October 29 – November 1st, 2017 – Solo Winter Travels 2017/2018 ~ Part 5
I camped in the Hood River National Forest one night, and because I was up early the next morning, decided to see if I could catch a sunrise on Mount Hood. I kept driving and driving, but couldn’t get a view of the elusive mountain because of the tall trees and thick forest. When I lived in Oregon one year, I had a love-hate relationship with the trees. I love trees, but t was a rare thing to see a view because of them, except when there was clear cutting involved, and I hated the clear cutting, so I always struggled with this dilemma.
I drove all the way to the base of Mount Hood, but when I got there it was so windy I could barely stand upright, and dust and debris were being flung at my face in gusts reaching impressive speeds.
I retreated quickly but did succeed in getting one lovely shot on the way back to the Gorge because the lighting was perfect.
The height assigned to Mount Hood’s snow-covered peak has varied over its history. Modern sources point to three different heights: 11,249 feet (3,429 m), a 1991 adjustment of a 1986 measurement by the U.S. National Geodetic Survey, 11,240 feet (3,426 m) based on a 1993 scientific expedition, and 11,239 feet (3,426 m) of slightly older origin. It is the highest point in Oregon and the fourth highest in the Cascade Range. Mount Hood is considered the Oregon volcano most likely to erupt, though based on its history, an explosive eruption is unlikely. Still, the odds of an eruption in the next 30 years are estimated at between 3 and 7 %, so the U.S. Geological Survey characterizes it as “potentially active”, but the mountain is informally considered dormant.
I was told that I had to visit Bonneville Dam, and also pay a visit to Herman the sturgeon at the fish hatchery. I was truly impressed with this monster. He freaked me out when I first saw his face coming out of the murky depths of the pond he lives in.
Here is a YouTube Video of Herman the sturgeon. These pictures don’t do him justice. “Herman” is a 70-year-old, 10-foot long, 450 pound sturgeon that you can get eyeball-to-eyeball with, in a viewing room
It was time to say goodbye to the Gorge, and visit with some friends who live in Vancouver, Washington for a couple of nights. I met Nelda and Jerry at the Rubber Tramp Rendezvous in January 2017. Of course, I didn’t remember them, but they graciously accepted my excuses and allowed me to visit anyway. I have to warn all of you, unless I’ve met you a good number of times I won’t remember your name, and I may not remember your face either if I’ve only met you once or twice, so if you want to say hi, please save me the embarrassment of having to pretend I remember you, and just introduce yourself again would ya?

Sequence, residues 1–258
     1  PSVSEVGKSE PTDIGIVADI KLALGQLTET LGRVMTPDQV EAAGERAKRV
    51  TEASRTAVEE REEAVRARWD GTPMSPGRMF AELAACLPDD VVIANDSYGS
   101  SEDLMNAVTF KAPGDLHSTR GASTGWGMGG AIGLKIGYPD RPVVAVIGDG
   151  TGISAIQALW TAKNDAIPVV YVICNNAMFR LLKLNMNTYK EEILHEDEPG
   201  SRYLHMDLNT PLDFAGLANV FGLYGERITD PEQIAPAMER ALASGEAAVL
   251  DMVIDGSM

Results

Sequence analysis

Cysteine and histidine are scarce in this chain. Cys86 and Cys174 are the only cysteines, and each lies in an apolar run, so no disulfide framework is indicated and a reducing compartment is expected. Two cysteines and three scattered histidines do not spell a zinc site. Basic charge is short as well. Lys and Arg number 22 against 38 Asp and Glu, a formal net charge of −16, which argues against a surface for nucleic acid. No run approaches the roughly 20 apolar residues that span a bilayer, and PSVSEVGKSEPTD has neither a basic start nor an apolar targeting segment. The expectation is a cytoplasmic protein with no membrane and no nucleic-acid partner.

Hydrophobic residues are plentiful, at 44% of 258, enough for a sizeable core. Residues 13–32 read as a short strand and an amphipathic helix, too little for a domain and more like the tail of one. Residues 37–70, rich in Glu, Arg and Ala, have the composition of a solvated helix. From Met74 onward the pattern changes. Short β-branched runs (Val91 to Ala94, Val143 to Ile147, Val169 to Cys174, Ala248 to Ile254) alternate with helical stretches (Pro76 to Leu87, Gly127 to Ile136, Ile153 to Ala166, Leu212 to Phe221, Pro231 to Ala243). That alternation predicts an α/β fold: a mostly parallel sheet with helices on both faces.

I’m not 100% sure why I’m so bad with names and faces, it’s possibly due to the amnesia and head trauma I suffered when I was an abused woman (no, not asking for sympathy), but then again it could just be that my head is full of so much other beauty there isn’t a lot of room left for more (or it could just be old age). LOL.
I had a lovely time visiting with my re-found friends, and eating pumpkin pie for supper two nights in a row, with ice cream no less. These are my kind of folks. I happened to be there for Halloween, but we turned all the lights off and pretended no-one was home. Sneaking around in the dark was fun (okay, exaggerating a bit). I did get to see some of the trick or treaters from my van when I retired for the evening because I was parked on the street. Fortunately, no-one knocked and said “Trick or Treat” or I would have been in trouble.
Roxy ~ A Nomad for Nature
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